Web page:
Cholesterol Deposits: Causes, Symptoms and Treatment



0:00 Introduction
0:59 Treatment for Cholesterol Deposits
2:18 Prevention for Cholesterol Deposits

Cholesterol is one of three major classes of lipids produced and used by all animal cells to form membranes. Plant cells manufacture phytosterols (similar to cholesterol), but in rather small quantities.[2] Cholesterol is the precursor of the steroid hormones and bile acids. Since cholesterol is insoluble in water, it is transported in the blood plasma within protein particles (lipoproteins). Lipoproteins are classified by their density: very low density lipoprotein (VLDL), intermediate density lipoprotein (IDL), low density lipoprotein (LDL) and high density lipoprotein (HDL).[3] All the lipoproteins carry cholesterol, but elevated levels of the lipoproteins other than HDL (termed non-HDL cholesterol), particularly LDL-cholesterol, are associated with an increased risk of atherosclerosis and coronary heart disease.[4] In contrast, higher levels of HDL cholesterol are protective.[5]

Avoiding trans fats and replacing saturated fats in adult diets with polyunsaturated fats are recommended dietary measures to reduce total blood cholesterol and LDL in adults.[6][7] In people with very high cholesterol (e.g., familial hypercholesterolemia), diet is often not sufficient to achieve the desired lowering of LDL, and lipid-lowering medications are usually required.[8] If necessary, other treatments such as LDL apheresis or even surgery (for particularly severe subtypes of familial hypercholesterolemia) are performed.[8] About 34 million adults in the United States have high blood cholesterol.[9]

Signs and symptoms
Xanthelasma palpebrarum, yellowish patches consisting of cholesterol deposits above the eyelids. These are more common in people with familial hypercholesterolemia.

Although hypercholesterolemia itself is asymptomatic, longstanding elevation of serum cholesterol can lead to atherosclerosis (hardening of arteries).[10] Over a period of decades, elevated serum cholesterol contributes to formation of atheromatous plaques in the arteries. This can lead to progressive narrowing of the involved arteries. Alternatively smaller plaques may rupture and cause a clot to form and obstruct blood flow.[11] A sudden blockage of a coronary artery may result in a heart attack. A blockage of an artery supplying the brain can cause a stroke. If the development of the stenosis or occlusion is gradual, blood supply to the tissues and organs slowly diminishes until organ function becomes impaired. At this point tissue ischemia (restriction in blood supply) may manifest as specific symptoms. For example, temporary ischemia of the brain (commonly referred to as a transient ischemic attack) may manifest as temporary loss of vision, dizziness and impairment of balance, difficulty speaking, weakness or numbness or tingling, usually on one side of the body. Insufficient blood supply to the heart may cause chest pain, and ischemia of the eye may manifest as transient visual loss in one eye. Insufficient blood supply to the legs may manifest as calf pain when walking, while in the intestines it may present as abdominal pain after eating a meal.[1][12]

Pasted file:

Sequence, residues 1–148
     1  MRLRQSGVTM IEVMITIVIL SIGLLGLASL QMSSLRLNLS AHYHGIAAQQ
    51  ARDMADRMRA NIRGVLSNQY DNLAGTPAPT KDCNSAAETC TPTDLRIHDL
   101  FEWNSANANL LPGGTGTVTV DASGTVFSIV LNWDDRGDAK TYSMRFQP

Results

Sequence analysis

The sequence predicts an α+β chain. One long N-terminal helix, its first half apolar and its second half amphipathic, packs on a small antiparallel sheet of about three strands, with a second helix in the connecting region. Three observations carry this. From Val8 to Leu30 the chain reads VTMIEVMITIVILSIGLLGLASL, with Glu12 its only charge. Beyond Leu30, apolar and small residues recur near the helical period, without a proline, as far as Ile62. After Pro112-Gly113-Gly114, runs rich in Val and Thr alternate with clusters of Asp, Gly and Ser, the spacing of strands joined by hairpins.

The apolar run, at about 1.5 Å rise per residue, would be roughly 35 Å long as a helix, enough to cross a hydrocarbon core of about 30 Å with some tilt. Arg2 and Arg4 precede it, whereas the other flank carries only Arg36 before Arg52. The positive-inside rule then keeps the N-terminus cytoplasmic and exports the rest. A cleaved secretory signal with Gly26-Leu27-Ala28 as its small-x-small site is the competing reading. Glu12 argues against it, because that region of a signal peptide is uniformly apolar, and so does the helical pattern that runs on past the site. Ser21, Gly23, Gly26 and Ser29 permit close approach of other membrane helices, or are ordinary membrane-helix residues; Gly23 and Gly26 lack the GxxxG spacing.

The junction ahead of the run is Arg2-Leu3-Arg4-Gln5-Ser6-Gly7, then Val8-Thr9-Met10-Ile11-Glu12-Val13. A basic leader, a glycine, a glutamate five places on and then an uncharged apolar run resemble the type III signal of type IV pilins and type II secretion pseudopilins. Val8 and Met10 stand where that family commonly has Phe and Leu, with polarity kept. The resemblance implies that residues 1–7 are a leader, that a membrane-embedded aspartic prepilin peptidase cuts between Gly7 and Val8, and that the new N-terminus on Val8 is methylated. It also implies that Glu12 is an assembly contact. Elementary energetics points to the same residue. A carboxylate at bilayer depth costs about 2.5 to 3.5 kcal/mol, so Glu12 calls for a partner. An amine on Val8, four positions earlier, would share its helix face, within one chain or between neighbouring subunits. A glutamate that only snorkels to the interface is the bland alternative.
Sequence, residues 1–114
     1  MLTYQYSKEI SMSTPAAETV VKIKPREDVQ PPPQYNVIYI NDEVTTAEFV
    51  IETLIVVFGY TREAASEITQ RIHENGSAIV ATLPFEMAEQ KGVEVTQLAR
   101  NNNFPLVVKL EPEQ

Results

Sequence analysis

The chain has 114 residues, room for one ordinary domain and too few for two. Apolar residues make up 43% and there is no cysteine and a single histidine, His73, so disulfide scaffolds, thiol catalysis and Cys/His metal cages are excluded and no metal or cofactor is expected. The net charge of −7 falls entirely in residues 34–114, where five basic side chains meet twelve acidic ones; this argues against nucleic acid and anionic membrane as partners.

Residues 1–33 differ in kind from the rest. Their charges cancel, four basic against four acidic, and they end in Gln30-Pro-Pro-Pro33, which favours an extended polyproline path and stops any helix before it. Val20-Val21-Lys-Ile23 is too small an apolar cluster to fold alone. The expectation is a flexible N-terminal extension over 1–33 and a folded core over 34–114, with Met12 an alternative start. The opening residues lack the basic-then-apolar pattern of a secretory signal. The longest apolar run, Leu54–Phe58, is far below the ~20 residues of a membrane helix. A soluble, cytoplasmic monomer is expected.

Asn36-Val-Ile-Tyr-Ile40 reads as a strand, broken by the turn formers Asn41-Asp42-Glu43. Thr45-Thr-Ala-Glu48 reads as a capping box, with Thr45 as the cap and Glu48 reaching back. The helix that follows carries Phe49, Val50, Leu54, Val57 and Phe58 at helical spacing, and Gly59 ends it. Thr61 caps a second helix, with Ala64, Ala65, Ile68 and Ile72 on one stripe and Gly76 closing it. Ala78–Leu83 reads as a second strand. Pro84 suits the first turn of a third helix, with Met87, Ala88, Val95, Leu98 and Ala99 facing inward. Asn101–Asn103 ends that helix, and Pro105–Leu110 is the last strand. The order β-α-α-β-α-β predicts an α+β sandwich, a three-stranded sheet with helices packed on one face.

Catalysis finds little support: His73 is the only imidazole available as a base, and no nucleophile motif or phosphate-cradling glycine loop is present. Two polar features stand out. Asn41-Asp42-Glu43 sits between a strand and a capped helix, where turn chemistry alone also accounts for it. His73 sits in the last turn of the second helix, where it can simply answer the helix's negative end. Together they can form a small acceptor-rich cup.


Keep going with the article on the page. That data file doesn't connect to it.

Some types of hypercholesterolemia lead to specific physical findings. For example, familial hypercholesterolemia (Type IIa hyperlipoproteinemia) may be associated with xanthelasma palpebrarum (yellowish patches underneath the skin around the eyelids),[13] arcus senilis (white or gray discoloration of the peripheral cornea),[14] and xanthomata (deposition of yellowish cholesterol-rich material) of the tendons, especially of the fingers.[15][16] Type III hyperlipidemia may be associated with xanthomata of the palms, knees and elbows.[15]
Formula structure of cholesterol

Hypercholesterolemia is typically due to a combination of environmental and genetic factors.[10] Environmental factors include weight, diet, and stress.[10][17] Loneliness is also a risk factor.[18]

A diet high in sugar or saturated fats increases total cholesterol and LDL.[21] Trans fats have been shown to reduce levels of HDL while increasing levels of LDL.[22]

A 2016 review found tentative evidence that dietary cholesterol is associated with higher blood cholesterol.[23] As of 2018 there appears to be a modest positive, dose-related relationship between cholesterol intake and LDL cholesterol.[24]
Medical conditions and treatments

A number of other conditions can also increase cholesterol levels including diabetes mellitus type 2, obesity, alcohol use, monoclonal gammopathy, dialysis therapy, nephrotic syndrome, hypothyroidism, Cushing's syndrome and anorexia nervosa.[10] Several medications and classes of medications may interfere with lipid metabolism: thiazide diuretics, ciclosporin, glucocorticoids, beta blockers, retinoic acid, antipsychotics),[10] certain anticonvulsants and medications for HIV as well as interferons.[25]
Be the first to comment